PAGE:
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Siete qui: Home Festival Festival 2009 Violin Sonatas
Violin Sonatas PDF Print E-mail

by Angelo Foletto

Of the Six Sonates pour divers instruments - composées par Claude Debussy - Musicien français drafted out in the beginning of 1915, only three of them have been completed: cello, flute viola and harp (1916) and violin (1917). Published with the same title page, similar to certain French prints of the Eighteenth century, the Sonatas have been composed en hommages to his wife Emma-Claude Bardac. The Sonata for violin has been premièred in Paris on May 5, 1917; protagonist Gaston Poulet and the composer at the piano. In February 1916 the first two movements of the Sonata for violin had already been written, still this score was completed just a few days before its baptism in Paris. The third movement had required several elaborations before the composer decided to give it a singular conclusion «playing with a simple theme that returns, as the snake that bites its own tail»: like an ending that does not find an end.
Third and last experience in this field composed in the period 1886-87, the Sonata in C minor op. 45 had been presented in Leipzig by Grieg performing with the Russian violinist Adolf Brodsky in 1887. The abandon of the sonata form is evident since the beginning of this score: free associations of melodies guide the musical discourse; it flows through images forming strong clashes between different expressive characters, seeming almost improvised. There surely are elements of “national” taste: fleeting cues are particularly evident, similar to Nordic folk dances with stylized rhythms, in the central part (Allegro molto) of the second movement. The score is exuberant in its leaps and in the glimpses of cantabile entrusted to the violin, sustained by the vigorous arpeggios of the piano. The instruments are related in a dialectical discourse renewed continuously and perfectly corresponding to the author’s choice of a harmonic development that prefers combinations of chords that do not present immediate functional bonds.
Composed in the summer of 1886, it represents a masterpiece of French Nineteenth century chamber music. To have an idea of the influence of this Sonata on the French intellectual world between the two centuries, we can recall how its insinuating theme is considered to be the origin of Proust’s petite phrase of the Vinteuil Sonata: «he had distinguished quite clearly a phrase that for a few seconds could be heard above the sonorous waves» (Du côté chez Swann, Part II). The Sonata develops following the cyclical principle, also applied to the Symphony in D minor and founded on the transformation of the same thematic idea. The initial pattern of the Allegretto ben moderato, exposed by the violin in a flattering 9/8 rhythm, appears again in the other movements, transformed in its rhythmic asset and in melodic details. In this way a simple third becomes the nucleus that generates the entire work, articulated in four movements, with a monumental Recitativo-Fantasia, in third position, that plays the magnificent role of unpredictable slow movement.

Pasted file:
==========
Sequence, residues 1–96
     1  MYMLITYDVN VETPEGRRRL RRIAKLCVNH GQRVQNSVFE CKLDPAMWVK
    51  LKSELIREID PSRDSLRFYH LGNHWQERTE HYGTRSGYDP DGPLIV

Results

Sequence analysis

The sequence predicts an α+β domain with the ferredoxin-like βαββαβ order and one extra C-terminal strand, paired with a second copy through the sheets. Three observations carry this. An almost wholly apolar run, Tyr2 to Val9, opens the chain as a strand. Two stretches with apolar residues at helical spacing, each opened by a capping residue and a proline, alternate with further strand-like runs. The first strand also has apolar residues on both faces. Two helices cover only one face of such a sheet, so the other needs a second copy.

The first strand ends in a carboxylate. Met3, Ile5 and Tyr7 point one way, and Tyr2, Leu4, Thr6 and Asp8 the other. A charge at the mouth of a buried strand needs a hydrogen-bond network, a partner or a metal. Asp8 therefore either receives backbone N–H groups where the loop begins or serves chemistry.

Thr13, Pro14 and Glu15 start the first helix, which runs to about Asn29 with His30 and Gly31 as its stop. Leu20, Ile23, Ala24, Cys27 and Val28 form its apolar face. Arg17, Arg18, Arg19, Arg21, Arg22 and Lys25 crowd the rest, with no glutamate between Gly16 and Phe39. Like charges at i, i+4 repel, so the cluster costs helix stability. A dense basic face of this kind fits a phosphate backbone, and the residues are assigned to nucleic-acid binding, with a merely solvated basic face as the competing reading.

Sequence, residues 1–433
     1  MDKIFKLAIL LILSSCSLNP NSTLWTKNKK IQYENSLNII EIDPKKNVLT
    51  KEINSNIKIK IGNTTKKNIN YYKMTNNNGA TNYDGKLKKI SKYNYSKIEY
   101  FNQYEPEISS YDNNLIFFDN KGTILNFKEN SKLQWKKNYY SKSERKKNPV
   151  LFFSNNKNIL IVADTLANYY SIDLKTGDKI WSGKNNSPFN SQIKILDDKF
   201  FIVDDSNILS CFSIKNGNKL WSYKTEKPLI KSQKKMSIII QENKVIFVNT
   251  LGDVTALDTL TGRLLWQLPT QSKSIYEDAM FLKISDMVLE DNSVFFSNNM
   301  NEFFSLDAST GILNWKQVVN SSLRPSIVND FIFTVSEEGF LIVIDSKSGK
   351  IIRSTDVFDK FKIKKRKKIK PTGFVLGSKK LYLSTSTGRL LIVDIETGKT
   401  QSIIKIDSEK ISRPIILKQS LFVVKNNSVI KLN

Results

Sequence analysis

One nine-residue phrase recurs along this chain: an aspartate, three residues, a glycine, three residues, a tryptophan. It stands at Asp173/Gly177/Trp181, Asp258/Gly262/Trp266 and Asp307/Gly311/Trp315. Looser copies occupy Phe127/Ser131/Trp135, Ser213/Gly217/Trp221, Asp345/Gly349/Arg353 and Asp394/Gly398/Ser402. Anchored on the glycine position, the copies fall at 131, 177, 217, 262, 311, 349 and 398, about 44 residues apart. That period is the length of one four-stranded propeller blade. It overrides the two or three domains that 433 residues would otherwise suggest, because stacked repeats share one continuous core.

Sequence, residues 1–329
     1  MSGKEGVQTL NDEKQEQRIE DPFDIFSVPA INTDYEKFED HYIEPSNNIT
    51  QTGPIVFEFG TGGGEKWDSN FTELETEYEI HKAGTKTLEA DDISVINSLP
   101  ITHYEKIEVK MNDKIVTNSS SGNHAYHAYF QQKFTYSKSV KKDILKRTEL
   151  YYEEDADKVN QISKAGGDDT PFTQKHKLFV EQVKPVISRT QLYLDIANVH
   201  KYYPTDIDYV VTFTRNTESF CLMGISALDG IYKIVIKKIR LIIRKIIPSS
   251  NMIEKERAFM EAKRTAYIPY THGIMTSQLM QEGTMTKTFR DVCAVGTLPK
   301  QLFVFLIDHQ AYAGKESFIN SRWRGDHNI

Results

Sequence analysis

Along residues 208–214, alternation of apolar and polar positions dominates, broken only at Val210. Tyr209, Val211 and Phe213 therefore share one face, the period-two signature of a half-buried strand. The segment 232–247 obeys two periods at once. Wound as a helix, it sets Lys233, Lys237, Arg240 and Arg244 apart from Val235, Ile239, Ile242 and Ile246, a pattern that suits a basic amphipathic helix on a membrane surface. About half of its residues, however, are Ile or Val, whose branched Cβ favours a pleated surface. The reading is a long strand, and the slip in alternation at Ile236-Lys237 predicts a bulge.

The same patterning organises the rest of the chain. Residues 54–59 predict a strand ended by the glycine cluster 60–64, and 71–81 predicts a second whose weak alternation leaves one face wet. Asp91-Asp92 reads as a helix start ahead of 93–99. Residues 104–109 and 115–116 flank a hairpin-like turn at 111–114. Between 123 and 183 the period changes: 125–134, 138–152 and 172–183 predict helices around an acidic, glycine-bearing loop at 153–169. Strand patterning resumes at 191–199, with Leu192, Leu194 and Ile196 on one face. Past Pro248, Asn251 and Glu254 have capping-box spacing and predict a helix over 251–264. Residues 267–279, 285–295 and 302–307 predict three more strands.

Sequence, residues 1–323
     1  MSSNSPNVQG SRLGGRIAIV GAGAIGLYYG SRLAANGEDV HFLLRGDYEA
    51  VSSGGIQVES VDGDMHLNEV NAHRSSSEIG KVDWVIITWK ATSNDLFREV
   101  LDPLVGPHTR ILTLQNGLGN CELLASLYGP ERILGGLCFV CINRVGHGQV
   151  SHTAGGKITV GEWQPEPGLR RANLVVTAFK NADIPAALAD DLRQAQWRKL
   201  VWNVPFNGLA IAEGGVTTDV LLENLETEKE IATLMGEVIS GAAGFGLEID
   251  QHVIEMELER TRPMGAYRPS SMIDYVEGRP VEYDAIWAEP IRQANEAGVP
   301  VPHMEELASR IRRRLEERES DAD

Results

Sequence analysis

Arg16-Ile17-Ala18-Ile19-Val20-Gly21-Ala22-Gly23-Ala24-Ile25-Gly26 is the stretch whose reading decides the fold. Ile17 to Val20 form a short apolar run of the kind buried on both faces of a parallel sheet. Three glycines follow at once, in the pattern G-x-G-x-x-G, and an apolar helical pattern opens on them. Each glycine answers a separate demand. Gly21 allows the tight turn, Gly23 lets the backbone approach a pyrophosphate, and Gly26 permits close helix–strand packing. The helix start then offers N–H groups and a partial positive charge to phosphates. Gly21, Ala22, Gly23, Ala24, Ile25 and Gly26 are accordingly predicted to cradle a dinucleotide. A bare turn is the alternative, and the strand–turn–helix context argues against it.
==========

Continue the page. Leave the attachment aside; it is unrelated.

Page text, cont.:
Conceived in 1924 (together with the masterpiece L’enfant et les sortilèges), Tzigane is defined a «Concert Rhapsody», or better «morceaux de virtuosité dans le gout d’une rhapsodie hongroise», as was written on the first draft of the manuscript of 1928. Tzigane is inspired by the great violinists of the XIX century (Wieniawski and Sarasate, in particular) but plays in a picturesque way on the bases of the Paganini technique. It imposes itself for a bizarre choice: the accompaniment was originally played on a piano-luthéal, a sort of “prepared” piano invented in 1919 by Georges Cloëtens. It could imitate the sonorities of a Hungarian cymbalum; indeed it could strike the strings (as happens in the regular piano) and pinch them (as happens in folk Hungarian instruments). The use of Hungarian rhythms, that give a different colour to the accompaniment, is explicit. In this tense atmosphere, in the brilliance of the bases of the formal construction, in the vertiginous initial cadenza that offers an occasion of blatant affirmation, in the close dance rhythm of the second part, this is, as in Ravel’s style, «more gypsy than a gypsy» (Vladimir Jankélévitch).